5) 12 O’Clock Boys

Man, I hate those obnoxious guys who drive around on motorcycles and overcompensate for their you-know-what. Well, that’s what I used to think about these loud urban nuisance-makers, until 12 O’Clock Boys turned their two-wheel hooliganism into a lyrical act of counter-cultural rebellion. I still hate what these guys do — see their recent attack on an SUV driver in New York City — but director Lotfy Nathan opened my eyes, and I thank him for it.

4) The Square

The Arab Spring that swept Egypt was the revolution that would be televised. But The Square made me feel like, despite seeing so many images, I hadn’t seen it at all. With a cast of revolutionaries with the depths and arcs of Jim Sheridan characters and cinematography as if from a Martin Scorsese film, this is a riveting, poignant film. The epic sadness of watching the (so-far?) failed attempt to achieve true democracy is only tempered by the inspiring realization that The Square gives them the voice that they otherwise would not have.

3) The Act of Killing

Maybe the room I was in was cold while watching this documentary about genocide in Indonesia, but I found myself physically shivering while watching it. What a bizarre, bold gambit on filmmaker Joshua Oppenheimer’s part to have the perpetrators reenact their terrible acts. I recognize the possible flaws in this film — it’s exploitative in several ways — but it works. The Act of Killing left me breathless, because of its technical accomplishments, its subject matter and its daring.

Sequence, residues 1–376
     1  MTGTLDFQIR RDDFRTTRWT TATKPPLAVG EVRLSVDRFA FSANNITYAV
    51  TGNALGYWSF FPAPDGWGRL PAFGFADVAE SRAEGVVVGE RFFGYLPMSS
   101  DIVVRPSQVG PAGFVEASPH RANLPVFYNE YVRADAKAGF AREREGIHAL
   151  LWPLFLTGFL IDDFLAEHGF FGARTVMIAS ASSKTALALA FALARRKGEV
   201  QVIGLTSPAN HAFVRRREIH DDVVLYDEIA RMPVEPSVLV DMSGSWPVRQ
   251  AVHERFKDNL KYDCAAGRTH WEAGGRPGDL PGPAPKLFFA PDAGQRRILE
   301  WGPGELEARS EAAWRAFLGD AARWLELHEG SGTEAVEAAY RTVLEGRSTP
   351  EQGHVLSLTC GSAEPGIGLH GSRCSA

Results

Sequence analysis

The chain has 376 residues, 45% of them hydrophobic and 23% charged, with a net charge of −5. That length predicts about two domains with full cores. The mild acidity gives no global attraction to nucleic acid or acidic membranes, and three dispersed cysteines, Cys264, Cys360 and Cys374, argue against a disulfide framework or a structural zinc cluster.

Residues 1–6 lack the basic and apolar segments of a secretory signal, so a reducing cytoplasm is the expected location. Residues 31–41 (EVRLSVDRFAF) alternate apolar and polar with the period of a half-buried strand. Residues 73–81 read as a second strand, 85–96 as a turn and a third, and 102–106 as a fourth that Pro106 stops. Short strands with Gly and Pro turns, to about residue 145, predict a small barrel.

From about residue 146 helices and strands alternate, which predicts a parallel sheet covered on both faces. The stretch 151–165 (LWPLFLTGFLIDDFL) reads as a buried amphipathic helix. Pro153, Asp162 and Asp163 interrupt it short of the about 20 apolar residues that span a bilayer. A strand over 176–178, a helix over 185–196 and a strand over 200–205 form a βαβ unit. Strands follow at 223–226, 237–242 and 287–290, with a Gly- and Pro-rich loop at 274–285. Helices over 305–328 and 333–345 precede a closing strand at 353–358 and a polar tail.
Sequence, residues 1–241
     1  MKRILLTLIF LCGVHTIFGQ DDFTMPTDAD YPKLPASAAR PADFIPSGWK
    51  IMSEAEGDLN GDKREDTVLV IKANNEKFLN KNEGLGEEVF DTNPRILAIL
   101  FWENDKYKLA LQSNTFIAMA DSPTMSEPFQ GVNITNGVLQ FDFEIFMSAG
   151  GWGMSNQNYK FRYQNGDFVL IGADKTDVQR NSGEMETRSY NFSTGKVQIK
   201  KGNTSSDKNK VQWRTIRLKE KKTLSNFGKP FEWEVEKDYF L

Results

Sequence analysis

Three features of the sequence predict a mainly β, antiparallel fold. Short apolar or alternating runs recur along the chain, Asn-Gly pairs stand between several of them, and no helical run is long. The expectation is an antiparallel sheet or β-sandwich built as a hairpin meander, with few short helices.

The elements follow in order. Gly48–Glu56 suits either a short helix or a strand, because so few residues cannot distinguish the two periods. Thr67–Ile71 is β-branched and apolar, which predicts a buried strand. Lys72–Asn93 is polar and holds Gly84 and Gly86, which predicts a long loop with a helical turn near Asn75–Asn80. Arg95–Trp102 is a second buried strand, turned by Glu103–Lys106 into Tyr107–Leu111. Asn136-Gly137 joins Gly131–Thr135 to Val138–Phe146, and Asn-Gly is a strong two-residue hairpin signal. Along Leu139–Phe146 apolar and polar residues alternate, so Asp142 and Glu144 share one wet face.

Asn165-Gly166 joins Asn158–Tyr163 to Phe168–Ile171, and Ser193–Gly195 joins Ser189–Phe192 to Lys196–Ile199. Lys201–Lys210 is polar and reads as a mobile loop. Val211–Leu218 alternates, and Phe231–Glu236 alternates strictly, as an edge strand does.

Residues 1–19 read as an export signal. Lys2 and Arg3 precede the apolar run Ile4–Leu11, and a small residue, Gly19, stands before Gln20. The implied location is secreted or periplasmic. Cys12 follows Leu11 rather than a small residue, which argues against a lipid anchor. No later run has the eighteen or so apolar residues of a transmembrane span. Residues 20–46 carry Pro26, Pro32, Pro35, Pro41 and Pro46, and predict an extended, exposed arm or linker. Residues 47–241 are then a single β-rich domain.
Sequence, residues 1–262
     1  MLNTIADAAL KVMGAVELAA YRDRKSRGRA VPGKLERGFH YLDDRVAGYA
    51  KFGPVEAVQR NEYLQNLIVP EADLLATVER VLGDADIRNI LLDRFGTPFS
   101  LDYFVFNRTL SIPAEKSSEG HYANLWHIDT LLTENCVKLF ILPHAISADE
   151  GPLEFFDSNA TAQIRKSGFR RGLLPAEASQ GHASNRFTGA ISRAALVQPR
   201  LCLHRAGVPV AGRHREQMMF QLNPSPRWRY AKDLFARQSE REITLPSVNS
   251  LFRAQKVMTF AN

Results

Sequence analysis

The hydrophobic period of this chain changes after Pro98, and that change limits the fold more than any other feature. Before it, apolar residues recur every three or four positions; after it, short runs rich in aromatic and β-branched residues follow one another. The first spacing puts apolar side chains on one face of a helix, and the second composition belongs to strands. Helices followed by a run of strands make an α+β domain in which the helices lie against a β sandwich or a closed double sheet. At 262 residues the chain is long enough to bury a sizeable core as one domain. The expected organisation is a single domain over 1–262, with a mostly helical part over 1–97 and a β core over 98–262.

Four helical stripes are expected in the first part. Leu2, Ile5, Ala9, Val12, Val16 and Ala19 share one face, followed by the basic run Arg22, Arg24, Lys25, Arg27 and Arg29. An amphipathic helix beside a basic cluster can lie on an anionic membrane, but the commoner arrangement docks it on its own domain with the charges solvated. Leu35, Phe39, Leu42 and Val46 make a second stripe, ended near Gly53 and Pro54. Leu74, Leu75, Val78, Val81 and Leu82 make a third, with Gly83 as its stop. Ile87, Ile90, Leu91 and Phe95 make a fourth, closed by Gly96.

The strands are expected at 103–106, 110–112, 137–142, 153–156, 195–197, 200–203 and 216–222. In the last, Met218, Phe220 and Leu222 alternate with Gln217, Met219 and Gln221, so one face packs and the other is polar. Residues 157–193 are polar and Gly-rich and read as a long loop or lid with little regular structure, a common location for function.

2) Is the Man Who Is Tall Happy?

I have a weak spot for director Michel Gondry’s whimsical and sometimes absurd ways of representing the world, and to see him apply his wild genius to a conversation with cognitive scientist Noam Chomsky is like a dream pairing I never thought I’d get to see. But here it is, and the two create a work that feels like two parts My Dinner with Andre and two parts Richard Linklater’s Waking Life. Which is to say, it’s all awesome.

1) Stories We Tell

When a documentary reminds you of the best fictional writing, you know there’s something special happening on the screen. Sarah Polley’s patient journey through her past to better understand her parentage, and her mother who passed away when she was a child, is like the unpeeling of an onion. I mostly saw the ghost of Carson McCullers haunting this beautifully layered film that screams, “auteur at work.” Rarely can we say that of a documentary filmmaker, especially a first-timer, but indie feature darling Polley has done the nonfiction form an immeasurable favor; she made not only the best documentary of the year, but the Best Picture of 2013.

From Sundance to the Oscars — and every festival, critics list and industry awards show we can find in between — we’re continually updating our list of lists of the “best” documentaries of 2013.

Get more documentary film news and features: Subscribe to POV’s blog, like POV on Facebook or follow us on Twitter @povdocs!

Tom Roston
Tom Roston
Tom Roston is a guest columnist for POV's documentary blog. He comes to us as a ten-year veteran of Premiere magazine, where he was a Senior Editor, and where he wrote the column, Notes from the Dream Factory. Tom was born and raised in New York City. He graduated from Brown University and started his career in journalism at The Nation and then Vanity Fair. Tom has also written for The New York Times, The Los Angeles Times, GQ, New York, Elle and other publications. Tom's favorite documentaries are: 1. Koyanisqaatsi - Godfrey Reggio 2. Hoop Dreams - Steve James 3. The Up series - Michael Apted 4. Crumb - Terry Zwigoff 5. Capturing the Friedmans - Andrew Jarecki